From the Texas A&M Forest Service
COLLEGE STATION, TX (News Release) - Some 200 firefighters in 50 engines from 47 Texas fire departments in 23 counties will head to California to help fight three major wildfires that have taken at least 29 lives, destroyed more than 6,700 structures and prompted evacuations for about 250,000 Californians.
“When the call came into Texas this summer to aid our California neighbors, Texas A&M Forest Service and TIFMAS were able to render aid. Nearly 100 Texas firefighters were of service. This is what mutual aid is all about and, here in Texas, we do it well so California asked the Texans to come back and help out again,” said Tom Boggus, Texas A&M Forest Service director.
On Saturday, California emergency officials contacted the Texas Division of Emergency Management (TEDM) who then called Texas A&M Forest Service to request help via the Texas Intrastate Fire Mutual Aid System (TIFMAS) program. TIFMAS is the fire and rescue framework that provides wildfire incident support. Texas A&M Forest Service helps coordinate wildland fire suppression efforts throughout Texas with local fire departments.
“This is another solid example of Texas firefighters stepping up to help out. This is the largest mobilization of Texas firefighting resources to another state to fight wildland fires,” said Mark Stanford, fire chief and associate director at Texas A&M Forest Service. “TFS will send five engines but a majority of the personnel and engines are coming from municipal fire departments all across Texas.”
Texas counties that are mobilizing resources include: Bexar, Brazos, Collin, Dallas, Denton, Fort Bend, Galveston, Gregg, Harris, Hays, Hutchinson, Lamar, Montgomery, Parker, Potter, Somervell, Tarrant, Taylor, Tom Green, Travis, Walker, Wichita and Williamson.
Nacogdoches Fire Chief Keith Kiplinger, who is also the TIFMAS state coordinator, said that these out-of-state assignments allow municipal firefighters to gain valuable experience that may not occur in their daily firefighting duties.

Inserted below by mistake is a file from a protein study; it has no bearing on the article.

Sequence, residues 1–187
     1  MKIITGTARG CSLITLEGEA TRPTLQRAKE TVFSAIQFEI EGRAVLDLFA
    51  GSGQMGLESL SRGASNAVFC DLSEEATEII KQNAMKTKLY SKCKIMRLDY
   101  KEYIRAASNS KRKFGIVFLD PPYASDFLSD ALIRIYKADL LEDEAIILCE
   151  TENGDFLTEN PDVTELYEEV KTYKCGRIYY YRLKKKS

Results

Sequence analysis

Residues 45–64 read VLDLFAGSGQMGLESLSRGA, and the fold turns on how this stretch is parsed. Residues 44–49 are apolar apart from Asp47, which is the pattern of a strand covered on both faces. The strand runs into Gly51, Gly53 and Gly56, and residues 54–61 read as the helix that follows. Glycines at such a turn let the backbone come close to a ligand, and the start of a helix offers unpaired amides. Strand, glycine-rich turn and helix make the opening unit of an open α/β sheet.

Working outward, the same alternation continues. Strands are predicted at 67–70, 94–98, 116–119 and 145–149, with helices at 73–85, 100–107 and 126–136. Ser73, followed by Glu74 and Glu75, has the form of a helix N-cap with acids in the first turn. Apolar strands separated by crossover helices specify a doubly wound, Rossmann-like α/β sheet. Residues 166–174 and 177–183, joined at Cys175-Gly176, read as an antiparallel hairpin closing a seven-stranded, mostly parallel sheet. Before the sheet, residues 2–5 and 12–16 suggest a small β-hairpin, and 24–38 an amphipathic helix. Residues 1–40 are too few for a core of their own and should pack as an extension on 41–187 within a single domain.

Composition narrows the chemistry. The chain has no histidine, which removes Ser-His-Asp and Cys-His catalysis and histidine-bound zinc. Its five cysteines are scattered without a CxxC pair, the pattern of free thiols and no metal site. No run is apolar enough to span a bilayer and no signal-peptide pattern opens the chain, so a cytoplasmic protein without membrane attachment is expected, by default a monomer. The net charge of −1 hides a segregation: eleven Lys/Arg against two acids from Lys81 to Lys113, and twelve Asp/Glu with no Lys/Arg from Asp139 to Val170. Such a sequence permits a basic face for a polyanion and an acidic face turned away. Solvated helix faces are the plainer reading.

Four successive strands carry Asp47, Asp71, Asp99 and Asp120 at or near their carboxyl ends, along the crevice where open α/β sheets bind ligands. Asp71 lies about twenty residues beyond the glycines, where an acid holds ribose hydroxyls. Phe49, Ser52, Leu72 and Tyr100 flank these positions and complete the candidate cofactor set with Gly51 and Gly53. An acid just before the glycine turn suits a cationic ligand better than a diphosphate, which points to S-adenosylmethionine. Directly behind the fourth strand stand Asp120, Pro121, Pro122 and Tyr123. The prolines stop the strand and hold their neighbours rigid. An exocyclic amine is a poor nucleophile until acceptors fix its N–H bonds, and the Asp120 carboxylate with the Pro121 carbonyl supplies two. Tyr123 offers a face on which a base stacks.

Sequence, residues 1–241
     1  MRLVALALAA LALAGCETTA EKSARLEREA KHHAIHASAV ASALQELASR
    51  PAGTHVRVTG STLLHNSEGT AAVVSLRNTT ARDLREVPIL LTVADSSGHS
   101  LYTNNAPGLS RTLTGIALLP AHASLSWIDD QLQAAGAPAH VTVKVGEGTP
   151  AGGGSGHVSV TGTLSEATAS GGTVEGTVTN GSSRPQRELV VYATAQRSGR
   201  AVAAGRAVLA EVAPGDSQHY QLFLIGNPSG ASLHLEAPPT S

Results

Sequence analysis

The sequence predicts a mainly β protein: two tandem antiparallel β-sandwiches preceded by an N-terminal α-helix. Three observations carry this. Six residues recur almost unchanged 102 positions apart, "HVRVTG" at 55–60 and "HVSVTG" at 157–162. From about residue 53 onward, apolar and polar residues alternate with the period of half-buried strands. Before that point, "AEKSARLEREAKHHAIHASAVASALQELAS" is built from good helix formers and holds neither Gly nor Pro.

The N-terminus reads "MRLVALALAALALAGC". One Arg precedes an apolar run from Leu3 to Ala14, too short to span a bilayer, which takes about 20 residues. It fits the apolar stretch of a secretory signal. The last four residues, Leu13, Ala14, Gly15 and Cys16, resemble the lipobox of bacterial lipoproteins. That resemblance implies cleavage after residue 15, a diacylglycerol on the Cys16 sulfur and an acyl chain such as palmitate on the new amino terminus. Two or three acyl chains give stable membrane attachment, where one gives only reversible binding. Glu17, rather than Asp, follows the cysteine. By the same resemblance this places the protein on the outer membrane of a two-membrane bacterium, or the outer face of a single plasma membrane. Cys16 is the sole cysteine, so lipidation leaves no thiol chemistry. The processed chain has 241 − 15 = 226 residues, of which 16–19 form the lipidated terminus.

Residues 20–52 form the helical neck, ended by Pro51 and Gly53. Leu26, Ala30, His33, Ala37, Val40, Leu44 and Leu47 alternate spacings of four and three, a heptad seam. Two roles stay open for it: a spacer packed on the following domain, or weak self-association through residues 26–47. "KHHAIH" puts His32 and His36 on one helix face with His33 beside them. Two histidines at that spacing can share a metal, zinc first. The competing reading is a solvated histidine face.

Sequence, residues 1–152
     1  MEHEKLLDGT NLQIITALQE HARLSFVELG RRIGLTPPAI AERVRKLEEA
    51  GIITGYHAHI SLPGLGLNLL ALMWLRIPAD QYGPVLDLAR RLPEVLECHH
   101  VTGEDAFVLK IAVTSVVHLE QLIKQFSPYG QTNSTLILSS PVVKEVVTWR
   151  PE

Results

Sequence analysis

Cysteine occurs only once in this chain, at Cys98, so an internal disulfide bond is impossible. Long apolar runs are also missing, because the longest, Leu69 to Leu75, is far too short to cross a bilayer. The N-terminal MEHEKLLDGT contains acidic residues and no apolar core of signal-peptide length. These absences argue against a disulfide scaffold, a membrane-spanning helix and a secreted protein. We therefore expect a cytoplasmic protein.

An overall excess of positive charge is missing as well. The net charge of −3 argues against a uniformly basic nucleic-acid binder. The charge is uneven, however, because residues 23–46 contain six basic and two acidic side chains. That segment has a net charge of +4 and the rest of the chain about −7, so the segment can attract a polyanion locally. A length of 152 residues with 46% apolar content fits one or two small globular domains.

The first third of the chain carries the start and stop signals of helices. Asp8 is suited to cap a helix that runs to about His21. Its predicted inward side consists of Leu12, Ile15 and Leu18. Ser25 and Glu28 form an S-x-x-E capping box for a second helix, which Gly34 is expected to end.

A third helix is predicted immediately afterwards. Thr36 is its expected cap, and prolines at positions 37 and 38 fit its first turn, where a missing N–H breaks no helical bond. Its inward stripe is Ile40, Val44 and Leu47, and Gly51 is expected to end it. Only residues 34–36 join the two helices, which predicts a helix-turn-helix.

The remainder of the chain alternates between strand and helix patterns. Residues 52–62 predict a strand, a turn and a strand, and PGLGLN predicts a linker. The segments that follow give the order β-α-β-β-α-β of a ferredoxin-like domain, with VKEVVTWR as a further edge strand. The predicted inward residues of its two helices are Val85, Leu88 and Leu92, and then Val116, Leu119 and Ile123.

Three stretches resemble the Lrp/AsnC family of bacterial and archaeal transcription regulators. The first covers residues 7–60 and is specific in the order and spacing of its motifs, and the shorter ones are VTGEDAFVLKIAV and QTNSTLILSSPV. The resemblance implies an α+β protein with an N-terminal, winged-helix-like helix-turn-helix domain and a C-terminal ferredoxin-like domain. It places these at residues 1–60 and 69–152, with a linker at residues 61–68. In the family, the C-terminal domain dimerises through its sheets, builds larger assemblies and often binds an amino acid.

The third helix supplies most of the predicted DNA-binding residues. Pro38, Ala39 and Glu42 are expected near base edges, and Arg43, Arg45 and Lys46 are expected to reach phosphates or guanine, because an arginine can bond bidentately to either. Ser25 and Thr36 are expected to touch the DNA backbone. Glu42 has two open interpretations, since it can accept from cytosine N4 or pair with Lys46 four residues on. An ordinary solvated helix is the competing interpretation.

“The training and experience that our firefighters receive will better enable us to serve Texans at home,” said Kiplinger. “We are rotating these assignments among various departments around the state to give as many firefighters additional experience.”
A total of 27 Texas A&M Forest Service personnel, a strike team and five fire engines from Brownwood, Childress, Smithville, Mineral Wells, and Wolforth left today. Texas fire departments that are mobilizing personnel and engines include:
- Abilene Fire Department
- Amarillo Fire Department
- Austin Fire Department
- Baytown Fire Department
- Bexar County D-7
- Bexar County ESD-8 (Grey Forest)
- Borger Fire Department
- Bryan Fire Department
- City of Galveston Fire Department
- City of Midland Fire Department
- Conroe Fire Department
- Dallas Fire & Rescue
- District 7 Fire Rescue
- Eastex Fire Department
- Flower Mound Fire Department
- Forest Bend Fire Department
- Frisco Fire Department
- Fulshear Fire Department
- Kyle Fire Department
- Lake Travis Fire Rescue
- Lewisville Fire Department
- Little Elm Fire Department
- Longview Fire Department
- McKinney Fire Department
- Needham Fire Department
- New Waverly Volunteer Fire Department
- North Montgomery County ESD-1
- Oak Hill Fire Department
- Paris Fire Department
- Parker County ESD-6
- Plano Fire Rescue
- Porter Fire Department
- Powderly Volunteer Fire Department
- Prosper Fire Department
- Round Rock Fire Department
- San Angelo Fire Department
- Schertz Fire Rescue
- Somervell Fire Department
- Travis County ESD-3
- Weatherford Fire Department
- Webster Fire Department
- Westlake Fire Department
- Wichita Falls Volunteer Fire Department
TIFMAS and TFS firefighters are not yet specifically assigned to a location in California. They will be among thousands of personnel providing assistance on the following incidents:
- The 113,000-acre Camp Fire in Butte County that caused 29 fatalities, destroyed 6,453 residences and 260 commercial structures. It is about 25 percent contained.
- The 91,572-acre Woolsey Fire in Los Angeles and Ventura Counties that caused two fatalities, three firefighter injuries and destroyed 372 structures. It is about 20 percent contained.
- The 4,531-acre Hill Fire in Ventura County that destroyed two structures and is nearly 80 percent contained.